Lionfish. Photo by Alexander Vasenin (CC 3.0)


Lionfish originally from the warm waters of the South Pacific and Indian Ocean, known for their showy venomous fins, can eat about 10x their weight in a single day. With no natural predators in Atlantic waters, the invasive lionfish have been decimating native marine populations in alarming numbers.

Spur Tree at Norman’s Cay a Manhattan eatery, has come up with a delicious way to combat the problem. Cook them up and put them on the menu.

Be very careful when you remove the venomous spines. Screen grab via Florida Fish & Wildlife video


The New York Daily News: The Lower East Side lounge, which specializes in Jamaican and Caribbean cuisine, is currently the only restaurant in New York City that regularly stocks lionfish, and one of only two in the Northeast U.S.

As more diners gravitate towards sustainable, eco-friendly food options, invasive species are gaining cache. At Spur Tree at Norman’s Cay, Jamaican-born chef and co-owner Sean John fries the whole fish — minus those venomous scales, of course — and serves it escoveitch style, with a spicy dressing of pickled hot peppers and onions.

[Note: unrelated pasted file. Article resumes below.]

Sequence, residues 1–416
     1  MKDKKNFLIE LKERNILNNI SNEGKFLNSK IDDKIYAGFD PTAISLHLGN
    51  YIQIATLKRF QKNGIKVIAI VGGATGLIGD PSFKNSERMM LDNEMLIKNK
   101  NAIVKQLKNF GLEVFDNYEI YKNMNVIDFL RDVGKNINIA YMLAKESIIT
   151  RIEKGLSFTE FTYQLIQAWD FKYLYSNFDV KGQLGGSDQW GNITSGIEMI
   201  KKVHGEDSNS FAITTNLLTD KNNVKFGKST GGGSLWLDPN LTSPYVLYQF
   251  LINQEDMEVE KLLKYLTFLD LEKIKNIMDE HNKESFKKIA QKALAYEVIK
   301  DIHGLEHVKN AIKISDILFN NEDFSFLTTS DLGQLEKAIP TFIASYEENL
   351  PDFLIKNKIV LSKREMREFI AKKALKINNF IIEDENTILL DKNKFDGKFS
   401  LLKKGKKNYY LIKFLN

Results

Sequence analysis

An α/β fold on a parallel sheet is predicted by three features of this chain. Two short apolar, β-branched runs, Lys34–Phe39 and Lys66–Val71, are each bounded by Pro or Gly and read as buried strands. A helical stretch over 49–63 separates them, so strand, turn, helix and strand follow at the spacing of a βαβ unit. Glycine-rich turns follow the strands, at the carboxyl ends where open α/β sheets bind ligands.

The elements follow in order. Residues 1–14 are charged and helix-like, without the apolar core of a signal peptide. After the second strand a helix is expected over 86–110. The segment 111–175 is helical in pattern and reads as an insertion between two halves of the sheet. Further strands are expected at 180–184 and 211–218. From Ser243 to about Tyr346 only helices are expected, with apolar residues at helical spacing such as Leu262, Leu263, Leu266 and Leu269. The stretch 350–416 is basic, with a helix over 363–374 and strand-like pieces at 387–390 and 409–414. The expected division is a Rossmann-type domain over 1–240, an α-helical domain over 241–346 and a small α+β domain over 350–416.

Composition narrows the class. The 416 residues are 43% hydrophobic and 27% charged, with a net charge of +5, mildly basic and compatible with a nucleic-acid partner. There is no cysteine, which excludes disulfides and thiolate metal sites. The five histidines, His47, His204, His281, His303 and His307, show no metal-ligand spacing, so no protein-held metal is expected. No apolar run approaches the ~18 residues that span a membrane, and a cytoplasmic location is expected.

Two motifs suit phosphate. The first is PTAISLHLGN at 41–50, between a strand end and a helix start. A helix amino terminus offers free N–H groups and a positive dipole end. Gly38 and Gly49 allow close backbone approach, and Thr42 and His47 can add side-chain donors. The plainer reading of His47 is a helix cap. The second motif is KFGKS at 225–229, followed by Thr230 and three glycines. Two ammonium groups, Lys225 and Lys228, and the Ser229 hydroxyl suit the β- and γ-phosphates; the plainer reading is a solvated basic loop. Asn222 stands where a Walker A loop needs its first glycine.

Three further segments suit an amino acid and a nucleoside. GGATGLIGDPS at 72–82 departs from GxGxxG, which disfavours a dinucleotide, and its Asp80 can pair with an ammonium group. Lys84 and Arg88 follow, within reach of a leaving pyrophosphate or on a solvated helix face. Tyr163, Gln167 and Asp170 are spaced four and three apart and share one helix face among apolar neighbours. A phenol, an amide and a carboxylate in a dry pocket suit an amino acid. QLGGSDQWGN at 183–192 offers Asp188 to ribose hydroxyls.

Whole fried lionfish from Fish Fish of Miami, Florida. Photo by Food Republic (CC 4.0)

“It’s a sweet, white flaky fish with a taste similar to a parrotfish or a snapper,” John says. “It’s super healthy, very delicate and tender, and it’s easy to cook it just about any way you can think of.” Read more from The New York Daily News here…


posted by Mai Armstrong for the Working Harbor Committee